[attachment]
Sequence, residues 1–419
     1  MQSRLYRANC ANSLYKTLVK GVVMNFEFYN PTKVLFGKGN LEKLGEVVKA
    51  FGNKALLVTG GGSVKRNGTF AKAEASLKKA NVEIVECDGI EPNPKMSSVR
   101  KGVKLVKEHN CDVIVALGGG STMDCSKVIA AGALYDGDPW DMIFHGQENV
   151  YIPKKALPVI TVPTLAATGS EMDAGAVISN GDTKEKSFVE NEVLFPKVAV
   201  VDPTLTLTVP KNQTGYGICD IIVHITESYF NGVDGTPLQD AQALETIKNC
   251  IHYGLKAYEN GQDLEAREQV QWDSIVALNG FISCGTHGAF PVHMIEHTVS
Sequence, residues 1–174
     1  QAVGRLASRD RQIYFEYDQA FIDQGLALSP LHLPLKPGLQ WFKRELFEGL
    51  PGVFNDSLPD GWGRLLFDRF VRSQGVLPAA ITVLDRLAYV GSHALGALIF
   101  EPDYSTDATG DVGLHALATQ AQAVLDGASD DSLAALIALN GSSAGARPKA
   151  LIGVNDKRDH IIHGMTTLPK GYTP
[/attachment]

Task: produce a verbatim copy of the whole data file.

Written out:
Sequence, residues 1–419
     1  MQSRLYRANC ANSLYKTLVK GVVMNFEFYN PTKVLFGKGN LEKLGEVVKA
    51  FGNKALLVTG GGSVKRNGTF AKAEASLKKA NVEIVECDGI EPNPKMSSVR
   101  KGVKLVKEHN CDVIVALGGG STMDCSKVIA AGALYDGDPW DMIFHGQENV
   151  YIPKKALPVI TVPTLAATGS EMDAGAVISN GDTKEKSFVE NEVLFPKVAV
   201  VDPTLTLTVP KNQTGYGICD IIVHITESYF NGVDGTPLQD AQALETIKNC
   251  IHYGLKAYEN GQDLEAREQV QWDSIVALNG FISCGTHGAF PVHMIEHTVS
Sequence, residues 1–174
     1  QAVGRLASRD RQIYFEYDQA FIDQGLALSP LHLPLKPGLQ WFKRELFEGL
    51  PGVFNDSLPD GWGRLLFDRF VRSQGVLPAA ITVLDRLAYV GSHALGALIF
   101  EPDYSTDATG DVGLHALATQ AQAVLDGASD DSLAALIALN GSSAGARPKA
   151  LIGVNDKRDH IIHGMTTLPK GYTP